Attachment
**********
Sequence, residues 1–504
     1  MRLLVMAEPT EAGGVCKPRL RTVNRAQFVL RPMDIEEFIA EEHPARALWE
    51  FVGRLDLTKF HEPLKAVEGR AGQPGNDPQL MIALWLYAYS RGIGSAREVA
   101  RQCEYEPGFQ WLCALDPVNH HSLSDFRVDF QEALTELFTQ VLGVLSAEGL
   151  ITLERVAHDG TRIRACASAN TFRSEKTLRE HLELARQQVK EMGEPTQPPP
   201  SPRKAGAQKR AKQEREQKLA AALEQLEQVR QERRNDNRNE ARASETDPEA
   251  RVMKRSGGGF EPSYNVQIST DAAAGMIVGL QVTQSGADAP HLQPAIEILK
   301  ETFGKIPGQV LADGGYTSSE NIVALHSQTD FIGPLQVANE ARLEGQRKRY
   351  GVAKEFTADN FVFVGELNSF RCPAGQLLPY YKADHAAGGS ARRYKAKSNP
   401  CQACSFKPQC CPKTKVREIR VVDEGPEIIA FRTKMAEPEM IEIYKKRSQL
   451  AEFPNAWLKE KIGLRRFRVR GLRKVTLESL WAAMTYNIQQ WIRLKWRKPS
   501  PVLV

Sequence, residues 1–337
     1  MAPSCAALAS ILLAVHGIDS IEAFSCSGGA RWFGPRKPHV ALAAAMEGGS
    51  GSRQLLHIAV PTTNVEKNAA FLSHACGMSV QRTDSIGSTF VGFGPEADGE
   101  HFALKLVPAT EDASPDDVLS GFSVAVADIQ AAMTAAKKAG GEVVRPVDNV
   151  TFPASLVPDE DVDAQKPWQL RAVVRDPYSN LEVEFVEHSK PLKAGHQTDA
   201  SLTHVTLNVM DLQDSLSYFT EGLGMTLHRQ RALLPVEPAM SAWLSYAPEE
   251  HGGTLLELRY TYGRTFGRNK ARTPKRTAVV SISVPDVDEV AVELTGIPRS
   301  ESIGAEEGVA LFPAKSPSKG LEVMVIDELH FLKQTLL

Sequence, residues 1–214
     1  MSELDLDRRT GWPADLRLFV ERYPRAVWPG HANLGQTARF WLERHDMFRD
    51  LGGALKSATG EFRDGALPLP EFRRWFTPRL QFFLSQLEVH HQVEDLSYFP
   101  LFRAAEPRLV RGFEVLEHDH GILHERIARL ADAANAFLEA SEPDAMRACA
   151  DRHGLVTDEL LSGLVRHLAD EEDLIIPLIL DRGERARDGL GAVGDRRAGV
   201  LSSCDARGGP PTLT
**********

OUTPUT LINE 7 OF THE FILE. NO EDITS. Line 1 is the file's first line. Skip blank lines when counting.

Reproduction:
   251  RVMKRSGGGF EPSYNVQIST DAAAGMIVGL QVTQSGADAP HLQPAIEILK